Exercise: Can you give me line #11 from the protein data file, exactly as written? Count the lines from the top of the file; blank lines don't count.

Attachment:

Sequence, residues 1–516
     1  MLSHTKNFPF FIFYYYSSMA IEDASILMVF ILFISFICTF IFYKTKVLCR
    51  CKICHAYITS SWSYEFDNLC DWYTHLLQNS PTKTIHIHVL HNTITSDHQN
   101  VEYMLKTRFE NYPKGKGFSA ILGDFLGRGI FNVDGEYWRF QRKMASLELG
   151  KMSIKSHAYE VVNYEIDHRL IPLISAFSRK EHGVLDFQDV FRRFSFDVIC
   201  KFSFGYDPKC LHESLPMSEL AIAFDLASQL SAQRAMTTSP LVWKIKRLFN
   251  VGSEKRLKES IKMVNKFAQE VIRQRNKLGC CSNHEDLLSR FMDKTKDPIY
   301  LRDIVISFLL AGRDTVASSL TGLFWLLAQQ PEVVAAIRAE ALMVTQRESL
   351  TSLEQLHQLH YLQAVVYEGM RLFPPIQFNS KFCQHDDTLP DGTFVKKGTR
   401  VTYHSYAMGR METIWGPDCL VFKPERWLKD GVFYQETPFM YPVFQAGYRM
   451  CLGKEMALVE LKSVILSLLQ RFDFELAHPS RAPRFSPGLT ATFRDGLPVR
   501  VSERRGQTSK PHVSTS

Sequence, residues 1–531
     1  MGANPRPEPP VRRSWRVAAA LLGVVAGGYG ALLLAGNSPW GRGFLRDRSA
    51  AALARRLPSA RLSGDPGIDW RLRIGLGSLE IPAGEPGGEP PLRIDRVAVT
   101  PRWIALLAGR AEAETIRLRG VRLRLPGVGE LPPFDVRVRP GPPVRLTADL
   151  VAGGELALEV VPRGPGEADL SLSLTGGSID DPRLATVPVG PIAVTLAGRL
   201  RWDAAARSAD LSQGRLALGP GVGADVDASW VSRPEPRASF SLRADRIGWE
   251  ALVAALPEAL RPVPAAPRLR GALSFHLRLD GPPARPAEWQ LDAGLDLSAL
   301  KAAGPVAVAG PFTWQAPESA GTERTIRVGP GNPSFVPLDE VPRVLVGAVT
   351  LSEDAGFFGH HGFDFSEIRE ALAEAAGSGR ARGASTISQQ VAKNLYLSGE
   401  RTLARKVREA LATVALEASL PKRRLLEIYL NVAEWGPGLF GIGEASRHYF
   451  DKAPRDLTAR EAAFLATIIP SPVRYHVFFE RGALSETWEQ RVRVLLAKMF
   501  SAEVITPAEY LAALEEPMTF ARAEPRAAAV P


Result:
   451  CLGKEMALVE LKSVILSLLQ RFDFELAHPS RAPRFSPGLT ATFRDGLPVR